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BAA 2011-06 Release of non-regulated analysis of existing policy for the importation of apples from New Zealand

​4 May 2011

Biosecurity Australia Advice 2011/06- Release of the draft report for the non-regulated analysis of existing policy for apples from New Zealand (a review)

This Biosecurity Australia Advice is to inform stakeholders of the release of the Draft report for the non-regulated analysis of existing policy for apples from New Zealand (a review). This draft report has been completed in response to the final ruling by the World Trade Organization (WTO) regarding the validity of existing measures required for the import of New Zealand apples.

The draft report recommends that export quality fruit produced using New Zealand’s standard commercial practices be permitted access to Australia, subject to verification that standard orchard and packing house practices have been followed.
The draft report is being issued for 60 days consultation. Comments and submissions are invited by 4 July 2011.
Biosecurity Australia Advice 2010/38, of 7 December 2010, advised stakeholders of the commencement of a non-regulated analysis of existing policy (a review) for New Zealand apples to Australia. The review was initiated in response to the final ruling by the World Trade Organization (WTO) regarding the validity of existing measures required for the import of New Zealand apples.

This Biosecurity Australia Advice is to inform stakeholders of the release of the Draft report for the non-regulated analysis of existing policy for apples from New Zealand. Stakeholders have until 4 July 2011 to provide written comment on the draft report.

A policy for the importation of apples from New Zealand, subject to a range of phytosanitary measures to manage the risk of identified quarantine pests and diseases, was determined in 2007 by the Director of Animal and Plant Quarantine. New Zealand considered the measures required for fire blight, European canker and apple leaf curling midge are inconsistent with Australia’s international obligations under the Agreement on the Application of Sanitary and Phytosanitary Measures (SPS Agreement). New Zealand referred the matter to the Dispute Settlement Body of the WTO on 6 December 2007 to seek a resolution of the dispute. A Panel was formed and, on 9 August 2010, ruled that Australia’s phytosanitary measures for New Zealand apples were not justified in respect of fire blight, European canker and apple leaf curling midge.

Australia appealed the Panel’s decision and the Appellate Body reported on 29 November 2010, reaffirming the Panel’s rulings. As a member of the WTO, Australia is obliged to implement the independent reports of the Panel and Appellate Body.
The review has been conducted to meet Australia’s international obligations and the requirements of the Australian Quarantine Act 1908 and relevant sub-ordinate legislation.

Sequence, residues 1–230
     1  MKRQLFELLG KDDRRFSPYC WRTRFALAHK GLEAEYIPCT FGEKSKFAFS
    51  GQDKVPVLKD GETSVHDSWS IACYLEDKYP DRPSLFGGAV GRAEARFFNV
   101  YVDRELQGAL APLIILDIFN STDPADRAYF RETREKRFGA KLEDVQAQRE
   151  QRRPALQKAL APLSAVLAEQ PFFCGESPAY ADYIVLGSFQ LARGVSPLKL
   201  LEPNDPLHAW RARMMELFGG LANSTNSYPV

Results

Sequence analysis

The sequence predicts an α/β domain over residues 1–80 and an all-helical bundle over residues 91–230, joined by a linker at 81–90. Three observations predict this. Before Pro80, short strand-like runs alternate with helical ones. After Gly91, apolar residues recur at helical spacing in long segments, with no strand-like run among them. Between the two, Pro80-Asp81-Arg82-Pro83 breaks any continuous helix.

The draft report considers the pests at dispute; fire blight, European canker and apple leaf curling midge. The draft report has been conducted to the standard of an import risk analysis. It has considered new evidence not available at the time of the original risk analysis in 2006 and has taken into account the WTO decision.

The draft report concludes that the well established commercial practices used by New Zealand apple producers address the quarantine concerns posed by fire blight, European canker and apple leaf curling midge.

The draft report recommends that export quality fruit produced using New Zealand’s standard commercial practices be permitted access to Australia, subject to verification that standard orchard and packing house practices have been followed. Specifically, the risk management measures are:

  • Application of the Integrated Fruit Production system, or an equivalent, to manage pests and diseases in the orchard.
  • Consignments must be tested to ensure that only mature fruit is exported to Australia.
  • There must be maintenance of sanitary conditions in dump tank water.
  • High pressure washing and brushing of fruit in the packing house must be undertaken.
  • A minimum of 600 fruit from each lot packed must be inspected and found free of quarantine pests.

Biosecurity Australia considers that the risk management measures considered in this draft report will achieve Australia’s appropriate level of protection against identified quarantine pests.

The draft report is available via Biosecurity Australia’s website: http://www.daff.gov.au/ba. Printed copies are available, if required.

Comments on the draft report should be submitted by 4 July 2011 to:

Office of the Chief Executive
Biosecurity Australia
GPO Box 858
CANBERRA  ACT  2601

Telephone: +61 2 6272 5094
Facsimile: +61 2 6272 3307
E-mail: Plant Biosecurity

Following the completion of the comment period, Biosecurity Australia will consider all comments and publish a final report.

Confidentiality

Stakeholders are advised that, subject to the Freedom of Information Act 1982 and the Privacy Act 1988, all submissions received in response to Biosecurity Australia Advices will be publicly available and may be listed or referred to in any papers or reports prepared on the subject matter.

The Commonwealth of Australia reserves the right to reveal the identity of a respondent unless a request for anonymity accompanies the submission. Where a request for anonymity does not accompany the submission the respondent will be taken to have consented to the disclosure of his or her identity for the purposes of Information Privacy Principle 11 of the Privacy Act 1988.

The contents of the submission will only be treated as confidential if they are marked ‘confidential’ and they can be classified as such in accordance with the Freedom of Information Act 1982.


Dr Colin J Grant
Chief Executive

Contact: Vanessa Findlay
Telephone: +61 2 6272 3933
Facsimile: +61 2 6272 4333
Email: Plant Biosecurity